Analysis results of genetic characteristics of ancient populations in the Ngari Prefecture. Credit: IVPP

Interactions between ancient populations in the western plateau and outside the plateau

Although Central ****** components began to affect some Ngari populations around 2,300 years ago, the proportion of Central ****** components in the genomes of these populations is low (<5%).

On the one hand, these results provide genetic evidence for the cultural interactions between ancient populations on the plateau and ancient populations in neighboring Xinjiang, Central Asia, and South Asia. On the other hand, they also reflect that such cross-plateau cultural interactions were accompanied by limited population migrations or mixtures.

Beginning 2,000 years ago, genetic components related to South Asia also affected the Ngari Prefecture region. Interestingly, the South ******-related genetic components that affected the ancient Ngari populations came from mixed populations that settled in Central Asia. These populations are genetically related to Central Asians but are culturally typical South Asians. Previous research suggested that they were immigrants from the Indus Valley Civilization who settled in Central Asia.

This is the first identification of South ******-related genetic components in ancient populations on the Tibetan Plateau, providing clues to the interactions between ancient populations on the plateau and those related to the Indus Valley Civilization.

In the 9th century AD, with the decline of the Tubo regime, descendants of the Tubo royal family established the Guge Kingdom in what is now Ngari Prefecture. It was not until the 17th century AD that the Guge Kingdom collapsed. As the continuation of the Tubo lineage, the Guge population is an important window into the genetic characteristics of the last Tubo people.

An ancient human sample collected by the researchers from the Guge ***** showed the influence of Central ****** populations, and the proportion of Central ****** components was as high as 31%. This admixture event is estimated to have occurred around 1,353 AD, coinciding with the prosperity of the Guge Kingdom.

This new result shows that in addition to its historical connections with South ****** kingdoms, the Guge Kingdom also had population interactions with people from Central ****** kingdoms.

Kinship practices in early western plateau communities

The researchers also examined kinship among individuals from early western plateau sites. At the Gebusailu tomb dating back 2,300 years ago, a second-generation family structure consisting of a father and two sons was discovered.

At the same time, individuals at this site and the 1,800-year-old Pulanduowa site were mainly male, and the diversity of Y-chromosome haplotypes is evidently lower than that of mitochondrial haplotypes, indicating that both may have been communities dominated by paternal inheritance.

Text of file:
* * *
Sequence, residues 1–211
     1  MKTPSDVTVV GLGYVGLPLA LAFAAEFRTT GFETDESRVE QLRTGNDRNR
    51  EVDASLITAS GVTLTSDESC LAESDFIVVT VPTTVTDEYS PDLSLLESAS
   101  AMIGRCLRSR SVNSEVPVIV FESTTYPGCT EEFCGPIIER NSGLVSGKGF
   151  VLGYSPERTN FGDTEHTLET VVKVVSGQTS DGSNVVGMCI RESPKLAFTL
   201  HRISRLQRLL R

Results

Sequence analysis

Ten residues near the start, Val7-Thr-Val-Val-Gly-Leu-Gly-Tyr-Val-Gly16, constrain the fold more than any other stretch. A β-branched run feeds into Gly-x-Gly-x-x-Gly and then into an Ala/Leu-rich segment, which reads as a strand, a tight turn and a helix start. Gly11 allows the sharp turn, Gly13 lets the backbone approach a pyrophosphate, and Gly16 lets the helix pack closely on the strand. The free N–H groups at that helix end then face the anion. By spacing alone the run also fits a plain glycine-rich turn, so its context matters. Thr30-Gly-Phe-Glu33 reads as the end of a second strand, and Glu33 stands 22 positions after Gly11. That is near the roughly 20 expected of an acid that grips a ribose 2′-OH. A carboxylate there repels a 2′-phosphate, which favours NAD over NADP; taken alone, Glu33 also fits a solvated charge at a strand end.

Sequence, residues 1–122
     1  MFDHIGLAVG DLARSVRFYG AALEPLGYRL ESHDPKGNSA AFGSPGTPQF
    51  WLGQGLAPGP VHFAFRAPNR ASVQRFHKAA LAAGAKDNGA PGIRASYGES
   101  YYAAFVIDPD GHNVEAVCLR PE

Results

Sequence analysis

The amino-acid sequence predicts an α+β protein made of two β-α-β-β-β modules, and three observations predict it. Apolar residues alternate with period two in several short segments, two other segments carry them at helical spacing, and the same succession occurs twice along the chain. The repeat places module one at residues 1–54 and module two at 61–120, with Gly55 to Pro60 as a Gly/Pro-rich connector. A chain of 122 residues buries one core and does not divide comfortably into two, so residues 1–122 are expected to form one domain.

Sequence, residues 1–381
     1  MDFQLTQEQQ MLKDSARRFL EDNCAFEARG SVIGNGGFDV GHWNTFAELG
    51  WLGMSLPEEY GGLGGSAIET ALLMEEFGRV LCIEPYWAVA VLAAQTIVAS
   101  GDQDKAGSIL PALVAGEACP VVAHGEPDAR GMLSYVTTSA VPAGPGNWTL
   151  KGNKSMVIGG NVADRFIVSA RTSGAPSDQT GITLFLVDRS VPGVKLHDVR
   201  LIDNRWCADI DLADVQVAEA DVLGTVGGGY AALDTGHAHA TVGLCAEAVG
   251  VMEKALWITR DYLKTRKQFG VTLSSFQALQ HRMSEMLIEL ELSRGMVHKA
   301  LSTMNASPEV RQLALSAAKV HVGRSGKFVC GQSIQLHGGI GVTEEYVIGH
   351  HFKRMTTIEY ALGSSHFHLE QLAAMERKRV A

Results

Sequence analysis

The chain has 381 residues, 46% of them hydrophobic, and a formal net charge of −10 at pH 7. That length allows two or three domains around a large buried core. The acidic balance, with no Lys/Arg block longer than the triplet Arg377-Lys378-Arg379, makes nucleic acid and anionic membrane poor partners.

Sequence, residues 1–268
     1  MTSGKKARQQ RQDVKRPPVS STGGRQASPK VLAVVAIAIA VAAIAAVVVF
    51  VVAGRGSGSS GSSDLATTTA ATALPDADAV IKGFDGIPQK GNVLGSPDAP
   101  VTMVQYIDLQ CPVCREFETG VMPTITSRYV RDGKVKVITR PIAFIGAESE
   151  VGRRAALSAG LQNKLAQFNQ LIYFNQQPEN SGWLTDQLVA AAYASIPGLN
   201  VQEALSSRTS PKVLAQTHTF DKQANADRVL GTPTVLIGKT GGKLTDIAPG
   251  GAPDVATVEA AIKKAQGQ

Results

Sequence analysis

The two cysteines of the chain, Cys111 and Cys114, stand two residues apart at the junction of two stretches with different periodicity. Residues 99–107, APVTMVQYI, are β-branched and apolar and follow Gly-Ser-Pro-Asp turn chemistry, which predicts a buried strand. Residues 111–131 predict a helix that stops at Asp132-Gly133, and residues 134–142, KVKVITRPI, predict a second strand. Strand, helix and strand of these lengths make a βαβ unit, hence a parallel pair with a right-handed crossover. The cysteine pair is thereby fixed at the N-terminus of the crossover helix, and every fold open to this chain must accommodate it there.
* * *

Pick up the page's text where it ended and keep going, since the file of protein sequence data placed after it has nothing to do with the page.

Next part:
The 1,600-year-old Qulongsazha tomb includes a family line in which the second- and third-generation descendants are related by maternal kinship, suggesting the role of maternal kinship in the family line. Combined with the **** ratio and paternal and maternal genetic diversity, this pattern reflects a relatively balanced paternal and maternal inheritance structure.

Nevertheless, this study is a preliminary exploration of the kinship practices at early plateau sites, and future research with more samples will shed more light on the details and diversity of the community structure of ancient Tibetans.

Due to the high altitude and harsh natural environment of the western Tibetan Plateau, anthropological and archaeological research in this region is relatively limited. In particular, large gaps exist in previous research on the evolutionary history of early ancient western Tibetan Plateau populations and their interaction with ancient populations in neighboring areas.

Using a combination of genetics and archaeology, the researchers thoroughly investigated the evolutionary history of ancient populations on the western plateau over the past 3,500 years. While the major genetic components of the ancient western plateau populations show continuity, those populations had complex and frequent interactions with the ancient populations in the adjacent southern plateau region, Central Asia, and South Asia off the plateau.

Since the Tibetan Plateau is a bridge between East, Central, and South Asia, the results of this study are important for understanding the genetics of ancient populations on the plateau and those populations’ interactions with ancient Central and South Asians.

More information:
Ancient genomes revealed the complex human interactions of the ancient western Tibetans, Current Biology (2024).

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Ancient DNA study reveals population history of Western Tibetan Plateau (2024, May 22)